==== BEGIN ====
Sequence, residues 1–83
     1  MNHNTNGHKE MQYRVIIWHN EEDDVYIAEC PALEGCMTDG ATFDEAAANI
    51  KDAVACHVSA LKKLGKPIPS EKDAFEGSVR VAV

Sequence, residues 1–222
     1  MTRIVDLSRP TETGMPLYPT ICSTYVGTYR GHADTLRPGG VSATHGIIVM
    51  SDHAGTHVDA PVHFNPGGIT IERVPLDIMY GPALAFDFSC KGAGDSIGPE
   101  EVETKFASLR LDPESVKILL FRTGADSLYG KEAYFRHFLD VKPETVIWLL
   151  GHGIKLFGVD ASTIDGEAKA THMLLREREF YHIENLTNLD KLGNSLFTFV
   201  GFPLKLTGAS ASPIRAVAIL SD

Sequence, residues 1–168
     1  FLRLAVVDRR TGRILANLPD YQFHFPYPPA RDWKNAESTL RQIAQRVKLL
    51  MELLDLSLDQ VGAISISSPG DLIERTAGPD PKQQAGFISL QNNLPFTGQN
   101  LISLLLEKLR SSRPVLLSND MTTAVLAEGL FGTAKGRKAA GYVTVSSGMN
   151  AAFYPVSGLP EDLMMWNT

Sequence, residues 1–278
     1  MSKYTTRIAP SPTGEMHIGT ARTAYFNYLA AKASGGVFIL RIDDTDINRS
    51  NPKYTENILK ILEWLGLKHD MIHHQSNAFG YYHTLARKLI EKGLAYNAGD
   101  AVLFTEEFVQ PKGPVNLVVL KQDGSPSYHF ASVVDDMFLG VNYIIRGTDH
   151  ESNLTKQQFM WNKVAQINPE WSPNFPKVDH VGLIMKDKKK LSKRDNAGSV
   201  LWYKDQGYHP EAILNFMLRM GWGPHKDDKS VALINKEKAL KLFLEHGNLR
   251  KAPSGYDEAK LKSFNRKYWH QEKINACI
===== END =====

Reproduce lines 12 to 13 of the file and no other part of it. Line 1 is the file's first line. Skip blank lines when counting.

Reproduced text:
    51  MELLDLSLDQ VGAISISSPG DLIERTAGPD PKQQAGFISL QNNLPFTGQN
   101  LISLLLEKLR SSRPVLLSND MTTAVLAEGL FGTAKGRKAA GYVTVSSGMN